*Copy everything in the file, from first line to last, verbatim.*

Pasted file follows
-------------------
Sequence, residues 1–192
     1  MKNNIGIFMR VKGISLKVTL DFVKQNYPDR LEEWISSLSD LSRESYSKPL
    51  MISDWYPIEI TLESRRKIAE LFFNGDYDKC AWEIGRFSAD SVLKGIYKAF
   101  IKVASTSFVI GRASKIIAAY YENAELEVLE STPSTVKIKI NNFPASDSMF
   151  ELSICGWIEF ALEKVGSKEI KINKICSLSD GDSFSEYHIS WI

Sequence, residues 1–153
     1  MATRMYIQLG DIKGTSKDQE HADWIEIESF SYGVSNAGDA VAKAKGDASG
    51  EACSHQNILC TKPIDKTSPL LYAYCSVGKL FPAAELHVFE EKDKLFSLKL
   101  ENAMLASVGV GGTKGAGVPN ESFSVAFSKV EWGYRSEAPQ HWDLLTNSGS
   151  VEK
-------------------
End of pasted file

Sequence, residues 1–192
     1  MKNNIGIFMR VKGISLKVTL DFVKQNYPDR LEEWISSLSD LSRESYSKPL
    51  MISDWYPIEI TLESRRKIAE LFFNGDYDKC AWEIGRFSAD SVLKGIYKAF
   101  IKVASTSFVI GRASKIIAAY YENAELEVLE STPSTVKIKI NNFPASDSMF
   151  ELSICGWIEF ALEKVGSKEI KINKICSLSD GDSFSEYHIS WI

Sequence, residues 1–153
     1  MATRMYIQLG DIKGTSKDQE HADWIEIESF SYGVSNAGDA VAKAKGDASG
    51  EACSHQNILC TKPIDKTSPL LYAYCSVGKL FPAAELHVFE EKDKLFSLKL
   101  ENAMLASVGV GGTKGAGVPN ESFSVAFSKV EWGYRSEAPQ HWDLLTNSGS
   151  VEK